AZ bears the brunt of voluntary Colorado River cuts, but water usage won’t be limited
Gov. Katie Hobbs discusses the proposal to cut Colorado River water usage at a May 25, 2023, press conference. Photo courtesy Arizona Governor’s Office
Arizona’s water officials stand behind the proposal submitted by the Lower Colorado River Basin States, which prioritizes voluntary water conservation efforts from the state and tribal Nations, and say that Arizonans won’t need to use less water, even as the state will bear the brunt of cutting 3 million acre-feet.
Through the Lower Basin Plan, water officials stated that no one in Arizona would need to cut back on their water use, allowing the states some breathing room to find long-term solutions for the Colorado River.
“It’s a critical first step in securing our state’s water future for generations to come,” Gov. Katie Hobbs said during a press conference at the Central Arizona Project on May 25. She said the plan will provide immediate relief for the Colorado River Basin states and allow the states to refocus water conservation efforts beyond 2026.
“This is a great deal for Arizona, but we know long-term actions are needed,” she added.
GET THE MORNING HEADLINES DELIVERED TO YOUR INBOX
The Lower Basin Plan, a consensus-based system conservation proposal, was submitted to the Department of Interior and the Bureau of Reclamation.
The proposal will conserve 3 million acre-feet of water and provide greater protections for Lake Mead and Lake Powell, Hobbs said, which is better than the alternatives analyzed in the Draft Environmental Impact Statement, a statement submitted in April proposing to revise the 2007 Interim Guidelines for the operation of Glen Canyon and Hoover Dams.
“Without this partnership, the federal government would have forced drastic cuts to Arizona’s water use,” Hobbs said, which would’ve happened through the Draft Supplemental Environmental Impact Statement.
Instead, Hobbs said the states could successfully negotiate voluntary conservation efforts that allow the states, cities, and farmers to have a say in their water future.
The Lower Basin Plan prioritizes early and significant contributions to reduce the risk of Lake Mead and Lake Powell declining to critically low elevations, according to officials, which it will achieve through voluntary agreements from a variety of water users from Arizona, California, and Nevada, including tribes, cities and agriculture.
“No Arizonans will be forced to reduce their water use,” Hobbs said.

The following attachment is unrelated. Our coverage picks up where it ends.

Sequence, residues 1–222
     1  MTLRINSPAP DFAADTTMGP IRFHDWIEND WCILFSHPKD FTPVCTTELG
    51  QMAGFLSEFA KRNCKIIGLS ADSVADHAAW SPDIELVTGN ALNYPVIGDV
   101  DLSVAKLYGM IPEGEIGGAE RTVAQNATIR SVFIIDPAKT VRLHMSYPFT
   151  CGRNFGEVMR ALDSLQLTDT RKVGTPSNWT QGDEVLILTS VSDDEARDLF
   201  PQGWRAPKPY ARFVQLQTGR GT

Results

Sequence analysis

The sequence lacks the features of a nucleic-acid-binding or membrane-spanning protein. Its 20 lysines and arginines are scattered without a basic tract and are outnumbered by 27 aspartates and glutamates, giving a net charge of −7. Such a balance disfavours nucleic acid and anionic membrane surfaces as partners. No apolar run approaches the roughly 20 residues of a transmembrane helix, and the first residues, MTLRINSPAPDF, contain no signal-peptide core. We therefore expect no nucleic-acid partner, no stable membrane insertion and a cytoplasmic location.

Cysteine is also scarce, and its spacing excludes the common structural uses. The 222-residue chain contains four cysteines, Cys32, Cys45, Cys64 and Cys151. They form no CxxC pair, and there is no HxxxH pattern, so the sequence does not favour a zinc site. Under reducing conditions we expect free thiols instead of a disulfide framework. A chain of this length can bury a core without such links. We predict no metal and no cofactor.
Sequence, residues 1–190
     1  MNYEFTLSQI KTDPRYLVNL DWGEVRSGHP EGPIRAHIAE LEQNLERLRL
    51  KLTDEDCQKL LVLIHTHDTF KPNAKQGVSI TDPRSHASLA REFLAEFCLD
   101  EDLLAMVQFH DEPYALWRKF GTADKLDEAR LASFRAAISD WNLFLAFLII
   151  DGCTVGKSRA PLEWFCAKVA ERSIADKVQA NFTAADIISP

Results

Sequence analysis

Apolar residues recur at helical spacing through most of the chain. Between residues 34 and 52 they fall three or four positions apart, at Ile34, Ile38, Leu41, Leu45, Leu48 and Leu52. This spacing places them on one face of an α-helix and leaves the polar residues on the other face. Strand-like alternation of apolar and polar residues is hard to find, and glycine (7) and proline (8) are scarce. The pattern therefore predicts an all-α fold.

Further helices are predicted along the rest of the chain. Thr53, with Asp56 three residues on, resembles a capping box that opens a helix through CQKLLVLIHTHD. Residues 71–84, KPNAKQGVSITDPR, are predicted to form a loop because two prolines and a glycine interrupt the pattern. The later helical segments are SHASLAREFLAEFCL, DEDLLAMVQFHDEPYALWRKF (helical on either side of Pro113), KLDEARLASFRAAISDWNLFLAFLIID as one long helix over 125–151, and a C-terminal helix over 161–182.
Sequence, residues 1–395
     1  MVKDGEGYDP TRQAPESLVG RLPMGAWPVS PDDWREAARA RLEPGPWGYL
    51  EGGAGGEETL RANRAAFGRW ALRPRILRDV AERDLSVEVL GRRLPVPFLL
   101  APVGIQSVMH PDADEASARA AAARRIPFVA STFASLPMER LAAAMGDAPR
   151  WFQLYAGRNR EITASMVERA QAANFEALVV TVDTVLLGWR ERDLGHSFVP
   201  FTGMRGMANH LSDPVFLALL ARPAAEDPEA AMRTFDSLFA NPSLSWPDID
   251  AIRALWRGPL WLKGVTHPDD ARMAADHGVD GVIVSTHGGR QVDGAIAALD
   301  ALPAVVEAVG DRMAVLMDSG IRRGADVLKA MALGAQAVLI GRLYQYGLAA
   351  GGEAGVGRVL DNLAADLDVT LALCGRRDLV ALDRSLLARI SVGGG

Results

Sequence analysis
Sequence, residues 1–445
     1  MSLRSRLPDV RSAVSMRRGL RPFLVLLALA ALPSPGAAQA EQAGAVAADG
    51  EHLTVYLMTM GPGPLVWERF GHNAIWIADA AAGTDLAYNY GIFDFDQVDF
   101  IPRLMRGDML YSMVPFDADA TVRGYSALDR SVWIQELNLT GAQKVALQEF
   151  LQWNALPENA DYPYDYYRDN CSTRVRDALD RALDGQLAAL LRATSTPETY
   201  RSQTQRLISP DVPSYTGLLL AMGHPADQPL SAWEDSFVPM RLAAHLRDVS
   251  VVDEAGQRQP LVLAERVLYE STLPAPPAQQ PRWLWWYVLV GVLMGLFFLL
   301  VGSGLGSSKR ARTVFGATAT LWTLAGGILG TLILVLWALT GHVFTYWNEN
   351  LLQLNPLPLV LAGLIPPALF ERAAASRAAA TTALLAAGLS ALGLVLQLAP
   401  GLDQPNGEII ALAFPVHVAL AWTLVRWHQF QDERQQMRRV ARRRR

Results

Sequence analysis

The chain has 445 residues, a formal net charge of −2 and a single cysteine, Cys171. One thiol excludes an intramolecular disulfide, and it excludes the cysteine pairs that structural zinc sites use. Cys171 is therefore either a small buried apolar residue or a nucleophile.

Arizona Department of Water Resources Director Tom Buschatzke said the collaborative nature of the proposal submitted by Arizona, California, and Nevada is a testament to the state’s ability to find ways to protect Lake Mead and the Colorado River.
The Lower Basin Plan builds upon the excellent hydrology from this year’s snow season, Buschatzke said, and if the plan is adopted by the Department of the Interior, the elevation in Lake Mead will not just stabilize over the next three years, but will actually increase.
Bushcatzke said this will allow some safe space for the Lower Colorado River Basin States to negotiate what the Colorado River will look like when current operating guidelines expire at the end of 2026. Through this plan, Buschatzke added that they’ll go into those negotiations knowing that before 2026 the states will not end up in a crisis.
“Real challenges lie ahead in the coming negotiations,” he added, “but this agreement and the good hydrology we are seeing have created a strong starting point for all of us.”
Buschatzke said that Arizona will still do the bulk of the heavy lifting in water conservation, and they are looking at somewhere between 50% and 60% of the total water conservation productions, including new conservation efforts, will come out of Arizona. For California, it will be 30% to 35%.
“It is a work in progress,” he added.
The Gila River Indian Community has committed to significant water conservation efforts in the next few years as part of the Lower Basin Plan and the other agreement they’ve set with the State and an upcoming reclaimed water pipeline.
Gila River Indian Community Gov. Stephan Roe Lewis said that through the combined conservation agreements, and the reclaimed water pipeline, GRIC is set to contribute about 15% of the total conservation target of 3 million acre-feet of water.
Lewis said the modeling behind the Lower Basin Plan is an excellent deal for Arizona, tribes and the entire region.
“We have shown that Arizona can truly lead the way in finding creative and cooperative solutions to the thorniest of issues,” he said.
Lewis said the Gila River Indian Community is the single largest customer for CAP, indicating that each quarter about 25% of the water that goes through the CAP and transports to the Colorado River goes through to the Gila River Indian Community.
“We see ourselves modeling good behavior in the time of this historic drought,” Lewis said, and these water conservation efforts are essential to the Gila River Indian Community.
“There’s gonna be a lot of hard work ahead of us, but for the community, we’re in this because this is who we are,” Lewis said. “This is in our culture and tradition. To conserve, to be good stewards of the water.”
SUPPORT NEWS YOU TRUST.
Our stories may be republished online or in print under Creative Commons license CC BY-NC-ND 4.0. We ask that you edit only for style or to shorten, provide proper attribution and link to our web site. Please see our republishing guidelines for use of photos and graphics.